WASHINGTON — U.S. President Donald Trump said on Tuesday his administration is working to bring other motorcycle companies to the United States, following Harley-Davidson's decision to shift some production for European customers overseas.
Trump gave no details about what steps his administration is taking. Asked about the tweet, White House senior adviser Kellyanne Conway had no comment.
"Now that Harley-Davidson is moving part of its operation out of the U.S., my Administration is working with other Motor Cycle companies who want to move into the U.S," Trump said on Twitter, adding "The U.S. is where the Action is!"
Harley-Davidson declined to comment on the tweet.
Trump has threatened to impose higher taxes on the Milwaukee-based manufacturer in retaliation after it said on June 25 it was shifting some production for European-bound motorcycles from U.S. facilities to avoid tariffs being imposed by the European Union to counter U.S. duties imposed by Trump.
The company's announcement shook Trump's relationship with the iconic American brand. Executives had been feted at the White House during a visit with the president last year shortly after he took office.
In the face of waning U.S. demand for motorcycles, Harley has turned its focus on overseas sales, opening assembly plants in Thailand, India and Brazil.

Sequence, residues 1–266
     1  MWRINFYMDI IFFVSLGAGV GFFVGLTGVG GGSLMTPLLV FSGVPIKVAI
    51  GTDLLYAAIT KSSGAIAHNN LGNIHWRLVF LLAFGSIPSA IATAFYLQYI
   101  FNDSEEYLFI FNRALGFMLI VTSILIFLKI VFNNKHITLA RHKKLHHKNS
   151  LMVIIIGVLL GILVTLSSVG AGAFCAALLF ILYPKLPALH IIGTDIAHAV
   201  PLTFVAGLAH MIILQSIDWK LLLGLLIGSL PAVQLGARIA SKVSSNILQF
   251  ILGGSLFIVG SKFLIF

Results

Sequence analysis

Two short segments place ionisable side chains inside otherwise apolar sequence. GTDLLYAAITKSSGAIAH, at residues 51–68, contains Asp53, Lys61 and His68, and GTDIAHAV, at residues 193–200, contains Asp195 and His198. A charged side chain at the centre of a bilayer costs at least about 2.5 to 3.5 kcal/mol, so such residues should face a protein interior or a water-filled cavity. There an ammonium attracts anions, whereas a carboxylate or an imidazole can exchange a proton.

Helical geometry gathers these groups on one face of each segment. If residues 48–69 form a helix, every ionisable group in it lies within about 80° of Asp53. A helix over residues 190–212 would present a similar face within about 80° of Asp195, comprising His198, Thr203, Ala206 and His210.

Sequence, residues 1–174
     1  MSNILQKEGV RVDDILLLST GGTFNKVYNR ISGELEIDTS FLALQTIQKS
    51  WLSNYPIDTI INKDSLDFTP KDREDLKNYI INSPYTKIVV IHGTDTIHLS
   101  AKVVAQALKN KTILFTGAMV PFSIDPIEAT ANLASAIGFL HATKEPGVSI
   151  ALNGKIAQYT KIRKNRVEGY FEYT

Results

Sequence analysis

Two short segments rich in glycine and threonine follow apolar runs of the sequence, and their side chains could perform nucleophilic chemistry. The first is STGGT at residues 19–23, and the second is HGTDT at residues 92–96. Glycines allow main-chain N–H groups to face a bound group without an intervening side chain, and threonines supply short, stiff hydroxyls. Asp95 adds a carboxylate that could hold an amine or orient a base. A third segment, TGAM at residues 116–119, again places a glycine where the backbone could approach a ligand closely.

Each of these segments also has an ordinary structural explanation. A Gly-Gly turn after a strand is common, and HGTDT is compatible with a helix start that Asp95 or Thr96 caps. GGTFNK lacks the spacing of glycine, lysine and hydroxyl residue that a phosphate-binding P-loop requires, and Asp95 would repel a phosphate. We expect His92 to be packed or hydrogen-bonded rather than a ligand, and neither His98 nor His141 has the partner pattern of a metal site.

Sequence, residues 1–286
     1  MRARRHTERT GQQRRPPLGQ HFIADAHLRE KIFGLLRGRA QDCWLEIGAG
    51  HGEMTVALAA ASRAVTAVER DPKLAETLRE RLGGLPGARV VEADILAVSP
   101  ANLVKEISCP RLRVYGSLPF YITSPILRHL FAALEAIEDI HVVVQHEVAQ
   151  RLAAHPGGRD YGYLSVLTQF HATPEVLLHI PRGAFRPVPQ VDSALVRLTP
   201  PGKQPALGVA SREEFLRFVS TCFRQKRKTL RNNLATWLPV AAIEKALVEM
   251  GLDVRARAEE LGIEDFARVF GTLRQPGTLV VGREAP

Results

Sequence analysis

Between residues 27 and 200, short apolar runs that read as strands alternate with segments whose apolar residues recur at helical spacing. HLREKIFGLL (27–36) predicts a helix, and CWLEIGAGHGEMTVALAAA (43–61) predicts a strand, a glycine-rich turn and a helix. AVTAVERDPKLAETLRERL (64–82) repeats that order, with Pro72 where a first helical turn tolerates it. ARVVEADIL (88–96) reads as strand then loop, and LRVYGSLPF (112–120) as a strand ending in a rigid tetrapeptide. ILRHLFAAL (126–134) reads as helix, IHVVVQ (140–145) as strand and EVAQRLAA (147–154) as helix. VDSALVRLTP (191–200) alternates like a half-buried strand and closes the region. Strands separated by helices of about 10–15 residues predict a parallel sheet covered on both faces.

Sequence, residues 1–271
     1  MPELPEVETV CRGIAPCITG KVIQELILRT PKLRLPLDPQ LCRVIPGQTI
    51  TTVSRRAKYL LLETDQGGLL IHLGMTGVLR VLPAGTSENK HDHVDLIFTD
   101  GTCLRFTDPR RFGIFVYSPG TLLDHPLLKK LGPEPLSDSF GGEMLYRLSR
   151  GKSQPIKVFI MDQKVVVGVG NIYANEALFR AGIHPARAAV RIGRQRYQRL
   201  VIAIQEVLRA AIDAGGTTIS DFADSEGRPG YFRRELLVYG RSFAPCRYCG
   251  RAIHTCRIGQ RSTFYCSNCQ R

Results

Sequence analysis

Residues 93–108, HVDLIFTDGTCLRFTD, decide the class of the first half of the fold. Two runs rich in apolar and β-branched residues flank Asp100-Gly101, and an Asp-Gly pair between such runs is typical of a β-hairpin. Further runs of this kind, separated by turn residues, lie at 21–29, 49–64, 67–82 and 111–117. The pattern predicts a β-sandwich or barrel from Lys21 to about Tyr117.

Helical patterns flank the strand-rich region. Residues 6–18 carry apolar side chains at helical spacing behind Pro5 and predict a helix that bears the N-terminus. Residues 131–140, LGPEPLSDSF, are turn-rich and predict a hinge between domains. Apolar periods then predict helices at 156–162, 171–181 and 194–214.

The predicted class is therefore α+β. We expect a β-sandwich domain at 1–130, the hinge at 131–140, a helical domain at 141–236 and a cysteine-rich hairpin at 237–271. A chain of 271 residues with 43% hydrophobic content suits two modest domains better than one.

"Harley's primary issue is U.S.-related due to shifts in demographics, which began well before any talks of tariffs and trade wars. Trump's reaction seems emotionally charged. Harley is simply playing the hand Trump dealt them," Bernstein analyst David Beckel said.
Shares of Harley were up 1.5 percent at $42.55 on the New York Stock Exchange.
Its shares took a hit after Trump tweeted that the company would be "taxed like never before" after its production announcement, although he gave no further information.
Trump on Tuesday also appeared to incorrectly tie Harley's June announcement to its sales last year, saying Harley customers were unhappy with the move and that sales had fallen 7 percent in 2017.
Reporting by Susan Heavey and James Oliphant